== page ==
Opinion

Oscar-nominated short film ‘Hair Love’ is a breath of fresh air among the largely white, male and cisgender nominees

By Marcia Veiga

Updated May 18, 2020 at 05:18 PM

Reading time: 2 minutes


Entertainment

Jan 30, 2020

The reveal of this year’s Oscar nominations has caused yet another uproar. With the female exclusion of nominees—of both actresses and directors—on its forefront, many took to Twitter for reconciliation attempts and news outlets probed sexism, as well as outdated traditions, as their themes for the week. One short animation not only gained momentum but also landed a well-deserved nomination for Best Animated Short Film. Written, produced and directed by Matthew A. Cherry, Hair Love highlights a shifting focus of black narratives.

The enthralling six-and-a-half-minute animation follows the journey of an African American girl—trying to upkeep her sensational views of beauty by shadowing a hair tutorial, with a little help from her supportive father. It’s crucial to mention that throughout the film, the girl, father or cat were not given any speaking opportunities, but the only lines we hear are, “Just took a little bit of work and a whole lot of love,” from the Youtube vlogger—later revealed as the young girl’s mother, voiced by Issa Rae, who also expressed her thoughts about the recent Oscar nominations. “Congratulations to all these men,” were her choice of words.

In 2017, Cherry turned his gaze to fundraising on Kickstarter. Initially, the goal was to raise $75,000 for the short animation, however it ended up raining over $300,000.  According to Kickstarter, no other short film project has ever beaten that. I soon discovered that the inspiration behind Zuri’s father Stephen was Cherry himself. 

As the buzz surrounding the moving picture began to grow, Cherry stated that he “wanted to see a young black family in the animated world,” so he decided to create the cartoon himself. From my personal standpoint, that just validates the crucial necessity of this project and why Cherry was the perfect candidate for the job. Hair has and will always remain an integral feature of black history, especially for black women as it dates back to early African civilisations of tribe recognition to hair braiding for the creation of escape maps during slavery. Matthew A. Cherry has not only paid homage to black women’s history, but he has also watched, listened and paid tribute to another black family’s personal experiences.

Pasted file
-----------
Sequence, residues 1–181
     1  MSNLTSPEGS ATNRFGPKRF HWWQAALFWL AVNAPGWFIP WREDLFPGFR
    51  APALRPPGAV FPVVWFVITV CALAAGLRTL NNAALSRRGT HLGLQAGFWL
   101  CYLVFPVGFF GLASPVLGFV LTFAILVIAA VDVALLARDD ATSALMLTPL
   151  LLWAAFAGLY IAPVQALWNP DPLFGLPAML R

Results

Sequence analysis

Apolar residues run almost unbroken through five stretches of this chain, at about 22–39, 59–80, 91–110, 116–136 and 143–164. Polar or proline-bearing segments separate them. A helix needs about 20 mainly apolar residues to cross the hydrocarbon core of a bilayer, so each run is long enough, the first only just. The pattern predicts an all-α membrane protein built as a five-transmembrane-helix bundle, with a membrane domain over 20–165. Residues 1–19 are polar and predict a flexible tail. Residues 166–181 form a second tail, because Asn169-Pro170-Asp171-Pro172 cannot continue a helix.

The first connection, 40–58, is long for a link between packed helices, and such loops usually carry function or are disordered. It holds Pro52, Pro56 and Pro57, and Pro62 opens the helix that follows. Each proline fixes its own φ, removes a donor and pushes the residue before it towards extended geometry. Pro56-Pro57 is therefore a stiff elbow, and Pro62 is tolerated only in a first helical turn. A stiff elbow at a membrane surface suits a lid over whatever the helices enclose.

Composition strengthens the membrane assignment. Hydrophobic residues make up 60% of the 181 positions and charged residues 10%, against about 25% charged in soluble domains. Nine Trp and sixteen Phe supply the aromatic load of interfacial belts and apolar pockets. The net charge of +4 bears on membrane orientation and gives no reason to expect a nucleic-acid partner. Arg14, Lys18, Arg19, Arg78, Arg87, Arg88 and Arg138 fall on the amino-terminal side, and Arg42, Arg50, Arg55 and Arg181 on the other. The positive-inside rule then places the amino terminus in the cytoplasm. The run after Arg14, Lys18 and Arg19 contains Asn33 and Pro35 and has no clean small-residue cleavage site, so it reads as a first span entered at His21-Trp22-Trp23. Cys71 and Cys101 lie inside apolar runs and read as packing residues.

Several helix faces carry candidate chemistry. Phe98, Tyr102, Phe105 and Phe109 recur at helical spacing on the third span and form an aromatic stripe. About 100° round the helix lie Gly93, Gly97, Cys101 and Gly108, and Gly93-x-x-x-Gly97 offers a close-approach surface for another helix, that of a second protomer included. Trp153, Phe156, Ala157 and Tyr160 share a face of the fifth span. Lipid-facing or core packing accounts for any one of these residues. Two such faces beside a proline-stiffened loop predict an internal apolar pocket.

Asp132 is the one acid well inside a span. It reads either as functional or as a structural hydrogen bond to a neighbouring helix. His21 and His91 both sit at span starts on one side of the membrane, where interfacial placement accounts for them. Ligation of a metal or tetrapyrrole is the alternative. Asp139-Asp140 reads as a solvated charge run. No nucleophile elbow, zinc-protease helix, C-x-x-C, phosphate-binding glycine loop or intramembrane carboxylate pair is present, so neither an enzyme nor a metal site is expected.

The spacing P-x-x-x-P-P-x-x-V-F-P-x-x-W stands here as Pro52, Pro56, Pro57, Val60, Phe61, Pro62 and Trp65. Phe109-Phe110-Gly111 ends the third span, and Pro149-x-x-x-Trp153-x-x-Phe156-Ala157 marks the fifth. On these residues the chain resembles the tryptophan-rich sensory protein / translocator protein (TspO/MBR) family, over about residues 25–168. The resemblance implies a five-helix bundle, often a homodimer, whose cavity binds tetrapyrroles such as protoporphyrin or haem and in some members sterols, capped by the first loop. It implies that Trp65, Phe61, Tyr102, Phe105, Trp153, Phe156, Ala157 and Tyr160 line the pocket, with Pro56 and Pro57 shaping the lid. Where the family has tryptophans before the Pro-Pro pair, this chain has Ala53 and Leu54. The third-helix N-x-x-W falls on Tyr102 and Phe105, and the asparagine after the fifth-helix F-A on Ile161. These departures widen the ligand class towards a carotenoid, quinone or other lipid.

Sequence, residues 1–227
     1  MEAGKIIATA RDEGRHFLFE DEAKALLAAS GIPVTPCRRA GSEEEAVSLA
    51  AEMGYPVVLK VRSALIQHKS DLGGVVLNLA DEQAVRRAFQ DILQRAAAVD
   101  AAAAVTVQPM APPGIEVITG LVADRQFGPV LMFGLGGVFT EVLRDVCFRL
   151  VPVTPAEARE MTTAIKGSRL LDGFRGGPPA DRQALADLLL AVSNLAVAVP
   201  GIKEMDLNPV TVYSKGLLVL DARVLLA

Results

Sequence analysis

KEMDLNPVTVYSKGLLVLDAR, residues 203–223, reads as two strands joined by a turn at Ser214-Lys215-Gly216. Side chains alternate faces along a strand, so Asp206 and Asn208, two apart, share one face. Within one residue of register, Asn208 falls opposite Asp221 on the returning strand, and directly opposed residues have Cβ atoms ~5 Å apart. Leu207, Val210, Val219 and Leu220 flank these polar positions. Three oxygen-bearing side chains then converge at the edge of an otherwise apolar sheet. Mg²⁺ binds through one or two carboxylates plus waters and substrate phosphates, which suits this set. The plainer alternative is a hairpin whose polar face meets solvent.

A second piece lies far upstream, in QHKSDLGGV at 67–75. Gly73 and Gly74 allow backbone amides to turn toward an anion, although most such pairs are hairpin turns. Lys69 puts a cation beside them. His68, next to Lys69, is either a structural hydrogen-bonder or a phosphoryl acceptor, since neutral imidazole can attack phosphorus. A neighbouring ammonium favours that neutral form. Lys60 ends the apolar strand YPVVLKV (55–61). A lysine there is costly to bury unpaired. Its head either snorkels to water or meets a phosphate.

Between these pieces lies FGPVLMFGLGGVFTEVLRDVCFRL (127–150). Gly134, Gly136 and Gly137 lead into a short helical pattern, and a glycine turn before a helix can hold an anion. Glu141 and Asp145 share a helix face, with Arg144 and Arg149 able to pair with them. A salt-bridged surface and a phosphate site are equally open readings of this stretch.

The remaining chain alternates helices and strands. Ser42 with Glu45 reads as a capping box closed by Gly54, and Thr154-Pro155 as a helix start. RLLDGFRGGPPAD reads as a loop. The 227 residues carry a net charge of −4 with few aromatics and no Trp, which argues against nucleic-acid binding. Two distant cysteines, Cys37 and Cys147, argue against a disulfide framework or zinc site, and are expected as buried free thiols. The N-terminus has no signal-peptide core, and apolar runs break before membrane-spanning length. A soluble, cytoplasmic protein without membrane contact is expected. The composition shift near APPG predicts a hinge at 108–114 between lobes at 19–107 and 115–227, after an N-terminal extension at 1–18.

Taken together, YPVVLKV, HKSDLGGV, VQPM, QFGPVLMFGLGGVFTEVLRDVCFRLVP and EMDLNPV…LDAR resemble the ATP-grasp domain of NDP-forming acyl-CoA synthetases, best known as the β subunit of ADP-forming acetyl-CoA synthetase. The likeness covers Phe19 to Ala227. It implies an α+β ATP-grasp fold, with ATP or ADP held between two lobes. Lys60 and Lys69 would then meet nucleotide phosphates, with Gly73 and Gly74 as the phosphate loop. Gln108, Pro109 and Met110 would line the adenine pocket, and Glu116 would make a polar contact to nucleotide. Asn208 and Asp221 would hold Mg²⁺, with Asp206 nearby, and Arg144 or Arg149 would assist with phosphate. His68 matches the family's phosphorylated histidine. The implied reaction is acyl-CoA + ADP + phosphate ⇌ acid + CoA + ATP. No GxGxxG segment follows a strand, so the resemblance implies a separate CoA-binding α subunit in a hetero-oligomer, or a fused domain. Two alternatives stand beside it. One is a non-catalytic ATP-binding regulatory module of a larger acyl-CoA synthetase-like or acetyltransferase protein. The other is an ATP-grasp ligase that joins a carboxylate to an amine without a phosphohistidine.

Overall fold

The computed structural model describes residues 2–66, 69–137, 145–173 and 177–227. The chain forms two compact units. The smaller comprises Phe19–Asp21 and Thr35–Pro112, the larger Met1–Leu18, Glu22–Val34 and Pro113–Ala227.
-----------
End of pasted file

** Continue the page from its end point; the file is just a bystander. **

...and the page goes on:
The film screamed representation, and three seconds into the animation, you’re blessed with child-like drawings of a family of three black identities. Although that may seem like a small factor, that is a rarity in today’s animated film landscape. Back in 2009, Disney released their first-ever animation featuring a black female protagonist and I was exhilarated.

Fast forward 11 years, and I’m exasperated at how problematic that introduction was. Firstly, unlike what The Princess and the Frog taught young kids, not all black children were raised by single mothers. Although Tiana’s father was briefly mentioned, Disney lacked the respect to even credit the male figure in a young Black women’s life. For a few minutes into watching Hair Love, I was under the impression that the movie was pushing another single parent narrative, and while this one varied (it being a father), it’s still the same principle. Cherry proved me wrong and even granted me additional access to another storyline. The relationship of a cancer patient mourning the loss of their hair.

The all-embracing short animation deconstructs multiple black aimed stereotypes and transformed them into norms, making it the kind of content I would want future generations to grow up watching. It encompasses many storylines without having anyone speak, instead, the intricate details and act of imagery are enough. Representation is the organic fuel of growing up and due to former NFL wide receiver Matthew A. Cherry, young black girls will grow up with the normalisation of their curl-patterns and the ongoing battle of how to style it.

Having YouTube as the connecting factor evokes the argument that technology is an ever-present method of education in today’s age, and marks its essential requirement for the future black hair movement of post relaxers and parents lacking a clue. It’s something my parents and I could have used for inspiration instead of turning to outdated print magazines.

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